With everything that happened last week, from the indictment of former U.S. President Donald Trump to Finland's NATO accession, one could easily have missed what is nevertheless an ostensibly central pillar of President Joe Biden’s foreign policy: the second Summit for Democracy. From the issuing of written commitments to the signing of a joint Summit for Democracy Declaration, this year’s virtual meeting and its 2021 precursor were aimed at encouraging the 100-plus nations in attendance to cooperate in the face of “sustained and alarming challenges to democracy and universal human rights.”
The summit fits with the narrative used by Biden and his administration to portray a global battle pitting “autocracies versus democracies.” As Biden remarked in his first State of the Union address, in this battle, “democracies are rising to the moment, and the world is clearly choosing the side of peace and security.” But even if that is the case, it will not be thanks to this and future iterations of his Summit for Democracy, which, according to critics, risks becoming an “inconsequential talk shop or an unwelcome showcase.” Indeed, I would argue it has already crossed that line.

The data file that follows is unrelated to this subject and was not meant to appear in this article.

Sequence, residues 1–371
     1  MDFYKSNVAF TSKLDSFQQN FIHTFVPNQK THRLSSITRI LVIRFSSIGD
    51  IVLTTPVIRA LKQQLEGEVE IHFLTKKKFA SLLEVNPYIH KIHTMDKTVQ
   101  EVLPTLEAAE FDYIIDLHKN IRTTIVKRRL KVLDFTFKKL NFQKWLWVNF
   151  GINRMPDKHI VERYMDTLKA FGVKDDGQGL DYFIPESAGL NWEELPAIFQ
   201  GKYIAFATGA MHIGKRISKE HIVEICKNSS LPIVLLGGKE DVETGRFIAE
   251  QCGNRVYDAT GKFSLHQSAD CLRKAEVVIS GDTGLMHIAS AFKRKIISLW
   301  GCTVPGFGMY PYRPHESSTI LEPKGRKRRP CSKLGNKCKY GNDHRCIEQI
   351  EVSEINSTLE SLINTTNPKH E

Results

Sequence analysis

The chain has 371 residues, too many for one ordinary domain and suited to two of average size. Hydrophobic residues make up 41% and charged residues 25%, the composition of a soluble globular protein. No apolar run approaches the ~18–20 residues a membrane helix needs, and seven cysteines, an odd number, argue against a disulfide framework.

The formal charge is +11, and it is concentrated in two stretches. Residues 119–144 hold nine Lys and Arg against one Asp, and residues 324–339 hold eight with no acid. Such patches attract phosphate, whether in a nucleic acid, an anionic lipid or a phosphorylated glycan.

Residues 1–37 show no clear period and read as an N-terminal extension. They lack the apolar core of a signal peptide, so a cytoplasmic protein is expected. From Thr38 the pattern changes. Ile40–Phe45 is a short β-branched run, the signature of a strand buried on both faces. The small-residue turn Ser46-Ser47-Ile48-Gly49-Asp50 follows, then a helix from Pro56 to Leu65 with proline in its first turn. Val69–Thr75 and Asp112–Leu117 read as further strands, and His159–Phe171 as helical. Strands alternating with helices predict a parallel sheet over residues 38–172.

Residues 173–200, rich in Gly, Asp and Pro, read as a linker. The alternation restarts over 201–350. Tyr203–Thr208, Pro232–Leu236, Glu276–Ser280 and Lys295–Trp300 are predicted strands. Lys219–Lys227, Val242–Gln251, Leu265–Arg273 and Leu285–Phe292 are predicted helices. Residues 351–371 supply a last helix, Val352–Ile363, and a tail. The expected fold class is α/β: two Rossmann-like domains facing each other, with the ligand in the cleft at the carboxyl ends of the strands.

First, is the summit really about democracies? At the first edition in 2021, several countries with dubious democratic credentials were in attendance, including the Democratic Republic of Congo—its name notwithstanding—and Serbia. While it seems the Biden administration preferred a “big tent” approach to the gathering, that also created an “awkward guest” dynamic, raising reasonable questions about the purpose and utility of the summit. Perhaps that is why it was held virtually, as making the event in-person might have led some countries’ leaders to skip it, out of a sense that the gathering held minimal utility and could prove awkward in its optics.